She rested her head against his chest. “No, it’s not, and it’s all my fault.”

His hand brushed the back of her head, a rare tender gesture, nothing he’d ever done during the nights they’d been intimate. “It’s not your fault. You’re only doing what you need to do to survive.”

“Diving into uncharted territories? Taking him to dangerous or forbidden zones? Hunting the ashrays because all our food sources died after the war?”

“You’re the clan leader. You must make difficult decisions.”

“We’ve lost over twenty in five years,” Angelica said, pulling back from him to look at his dark eyes.

His expression hardened. “You can blame the humans for that. And the mermaids. And the selachii.”

You are a selachii.”

He shook his head. “Not anymore. I’m something else. Something bigger. Something better. Something far more powerful.”

“What difference does that make?” Angelica glanced at Frost. His lips were blue. His skin ice-white, even the mottled bits that made them so unique. The vitiligo that marked their human flesh when they weren’t in their orca form. Distinct, beautiful, elegant. Yet on Frost, the markings were fading. A sign he was near death.

“I’m sorry.” Zale lifted her chin with his finger so her eyes met his. “I know of a way to help him.”

“You do?” Angelica curled her fingers around his wrist, squeezed, trying to wring the answer out of him. “What is it?”


Angelica’s heart sank. “Atlantis is a myth.”

“I assure you, it is anything but a myth. It is entirely real.”

“Then why aren’t you there?”

“I have no interest in being there. Not yet.”

“How can an island help Frost?” Angelica asked.

“Because the Fountain of Youth resides on Atlantis,” Zale replied.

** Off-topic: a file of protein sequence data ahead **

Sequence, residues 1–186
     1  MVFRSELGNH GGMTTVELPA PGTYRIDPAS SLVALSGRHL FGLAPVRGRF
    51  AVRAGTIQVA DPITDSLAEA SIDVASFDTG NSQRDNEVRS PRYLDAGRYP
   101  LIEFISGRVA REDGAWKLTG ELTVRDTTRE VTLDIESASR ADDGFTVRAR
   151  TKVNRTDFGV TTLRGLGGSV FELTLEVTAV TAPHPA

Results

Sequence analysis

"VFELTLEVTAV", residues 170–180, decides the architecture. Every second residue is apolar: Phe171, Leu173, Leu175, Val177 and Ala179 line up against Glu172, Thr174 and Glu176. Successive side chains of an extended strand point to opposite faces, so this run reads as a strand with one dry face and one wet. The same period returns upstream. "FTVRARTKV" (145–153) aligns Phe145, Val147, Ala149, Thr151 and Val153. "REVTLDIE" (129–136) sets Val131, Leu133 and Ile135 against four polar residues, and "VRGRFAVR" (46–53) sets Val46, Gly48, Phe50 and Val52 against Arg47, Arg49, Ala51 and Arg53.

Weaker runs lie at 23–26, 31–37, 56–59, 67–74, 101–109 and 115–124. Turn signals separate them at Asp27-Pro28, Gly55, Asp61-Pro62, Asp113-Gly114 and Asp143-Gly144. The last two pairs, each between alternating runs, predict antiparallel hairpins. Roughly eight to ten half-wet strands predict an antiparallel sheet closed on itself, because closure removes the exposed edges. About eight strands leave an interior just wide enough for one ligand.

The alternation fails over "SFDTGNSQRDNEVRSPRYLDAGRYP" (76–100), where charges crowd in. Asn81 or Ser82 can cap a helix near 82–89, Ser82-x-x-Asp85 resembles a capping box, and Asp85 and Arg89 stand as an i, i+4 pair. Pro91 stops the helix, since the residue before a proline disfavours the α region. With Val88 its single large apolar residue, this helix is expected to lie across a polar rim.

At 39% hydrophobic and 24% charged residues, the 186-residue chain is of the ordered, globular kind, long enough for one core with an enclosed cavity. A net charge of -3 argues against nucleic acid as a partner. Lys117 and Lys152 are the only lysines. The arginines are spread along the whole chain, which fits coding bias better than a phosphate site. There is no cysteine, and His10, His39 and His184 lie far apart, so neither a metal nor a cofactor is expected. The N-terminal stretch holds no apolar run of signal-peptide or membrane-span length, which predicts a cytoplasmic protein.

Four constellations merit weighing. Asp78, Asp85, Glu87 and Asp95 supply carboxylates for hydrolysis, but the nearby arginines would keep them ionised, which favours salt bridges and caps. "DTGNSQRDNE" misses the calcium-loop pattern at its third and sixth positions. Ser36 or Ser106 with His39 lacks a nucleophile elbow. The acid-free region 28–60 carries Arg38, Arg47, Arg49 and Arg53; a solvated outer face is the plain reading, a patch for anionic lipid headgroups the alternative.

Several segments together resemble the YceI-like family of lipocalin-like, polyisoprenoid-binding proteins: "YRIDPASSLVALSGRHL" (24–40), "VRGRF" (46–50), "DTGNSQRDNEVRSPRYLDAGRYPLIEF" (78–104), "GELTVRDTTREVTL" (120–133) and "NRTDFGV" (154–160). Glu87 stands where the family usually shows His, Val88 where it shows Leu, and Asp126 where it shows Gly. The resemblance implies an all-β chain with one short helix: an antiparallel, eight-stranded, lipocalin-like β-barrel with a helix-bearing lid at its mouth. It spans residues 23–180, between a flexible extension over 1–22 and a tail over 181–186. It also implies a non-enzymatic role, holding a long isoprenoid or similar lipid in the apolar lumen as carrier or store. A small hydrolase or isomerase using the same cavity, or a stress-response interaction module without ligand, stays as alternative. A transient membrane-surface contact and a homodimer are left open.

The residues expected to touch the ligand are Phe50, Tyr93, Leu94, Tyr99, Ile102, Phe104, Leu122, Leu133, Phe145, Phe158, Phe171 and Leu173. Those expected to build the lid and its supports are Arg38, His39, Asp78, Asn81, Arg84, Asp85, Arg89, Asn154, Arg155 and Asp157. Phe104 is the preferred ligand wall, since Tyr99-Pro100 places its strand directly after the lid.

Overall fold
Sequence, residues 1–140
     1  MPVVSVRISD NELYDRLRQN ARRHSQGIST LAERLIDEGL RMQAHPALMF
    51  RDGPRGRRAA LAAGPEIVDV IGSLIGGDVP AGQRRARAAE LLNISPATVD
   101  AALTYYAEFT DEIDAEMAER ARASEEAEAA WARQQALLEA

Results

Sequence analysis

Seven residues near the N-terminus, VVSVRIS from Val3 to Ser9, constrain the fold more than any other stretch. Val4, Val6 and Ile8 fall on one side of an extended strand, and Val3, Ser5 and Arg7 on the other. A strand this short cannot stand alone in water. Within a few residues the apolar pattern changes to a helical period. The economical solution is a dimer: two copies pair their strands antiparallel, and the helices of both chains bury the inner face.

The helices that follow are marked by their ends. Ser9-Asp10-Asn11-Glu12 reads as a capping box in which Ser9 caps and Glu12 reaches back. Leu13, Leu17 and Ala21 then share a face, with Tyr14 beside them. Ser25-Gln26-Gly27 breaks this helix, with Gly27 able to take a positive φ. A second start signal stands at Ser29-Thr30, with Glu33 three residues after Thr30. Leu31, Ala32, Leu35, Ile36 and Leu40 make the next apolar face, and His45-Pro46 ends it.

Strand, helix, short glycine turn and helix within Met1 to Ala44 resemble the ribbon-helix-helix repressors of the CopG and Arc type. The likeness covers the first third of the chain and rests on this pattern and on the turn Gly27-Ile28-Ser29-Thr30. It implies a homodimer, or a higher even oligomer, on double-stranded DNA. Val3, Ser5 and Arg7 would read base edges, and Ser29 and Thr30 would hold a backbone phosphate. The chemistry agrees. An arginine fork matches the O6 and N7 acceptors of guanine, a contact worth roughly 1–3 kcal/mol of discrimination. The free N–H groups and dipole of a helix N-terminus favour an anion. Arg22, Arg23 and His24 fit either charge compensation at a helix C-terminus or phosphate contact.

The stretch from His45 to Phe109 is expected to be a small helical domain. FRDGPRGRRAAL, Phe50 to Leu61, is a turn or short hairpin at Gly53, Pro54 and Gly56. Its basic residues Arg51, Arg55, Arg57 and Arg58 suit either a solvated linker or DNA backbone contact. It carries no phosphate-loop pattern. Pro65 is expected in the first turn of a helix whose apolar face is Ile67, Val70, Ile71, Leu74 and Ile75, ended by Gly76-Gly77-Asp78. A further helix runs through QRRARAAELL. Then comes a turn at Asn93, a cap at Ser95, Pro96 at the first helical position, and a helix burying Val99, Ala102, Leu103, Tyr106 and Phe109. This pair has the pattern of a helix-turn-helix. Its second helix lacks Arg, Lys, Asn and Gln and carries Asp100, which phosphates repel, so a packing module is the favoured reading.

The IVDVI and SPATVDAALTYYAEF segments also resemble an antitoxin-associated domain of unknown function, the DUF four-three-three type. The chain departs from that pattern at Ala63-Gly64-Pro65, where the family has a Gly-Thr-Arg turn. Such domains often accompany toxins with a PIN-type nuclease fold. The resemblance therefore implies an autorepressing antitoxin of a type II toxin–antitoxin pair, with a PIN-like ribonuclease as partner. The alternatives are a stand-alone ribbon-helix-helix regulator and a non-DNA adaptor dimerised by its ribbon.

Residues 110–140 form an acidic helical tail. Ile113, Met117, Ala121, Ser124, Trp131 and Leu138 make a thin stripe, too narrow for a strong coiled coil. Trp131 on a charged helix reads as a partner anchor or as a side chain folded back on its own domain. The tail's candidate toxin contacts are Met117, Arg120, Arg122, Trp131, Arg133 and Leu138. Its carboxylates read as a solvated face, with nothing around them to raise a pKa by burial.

Hope pricked a thorn in Angelica’s heart. “It’s real?”

“It’s real. And it can cure ashray wounds.”

Angelica looked at Frost, at his frigid appearance, at the life leaching rapidly from him. “Tell me how to get there.”

Zale grabbed the back of her neck, a gesture meant to intimidate, one she was more familiar with. “You must do something for me first.”

Angelica raised her gaze from her dying nephew to meet the ice in Zale’s eyes. “If it will save Frost.”

Zale placed an object in her palm. A small hard thing with rough edges and glints of obsidian. A rock of some kind. “When you get to Atlantis, put it in the fountain.”

“What is it?”

“Nothing you need to concern yourself with,” Zale said. “All that’s important is healing Frost. The rest will take care of itself.” He slipped off the ice into the water, rocking the iceberg once more. “That is what you want, isn’t it? To heal your nephew?”

Angelica nodded. Zale gave her directions to the hidden island, then slipped away beneath the frigid waves.

The rest of her clan surrounded her small ice shelf, casting her worried looks. Angelica kissed her nephew’s forehead, then held the rock high in a tight fist. There wasn’t a single member of the orcana that hadn’t been wounded by an ashray. “To Atlantis. To heal all our wounds.”

“To Atlantis!” They cheered back at her, smiles brimming with hope.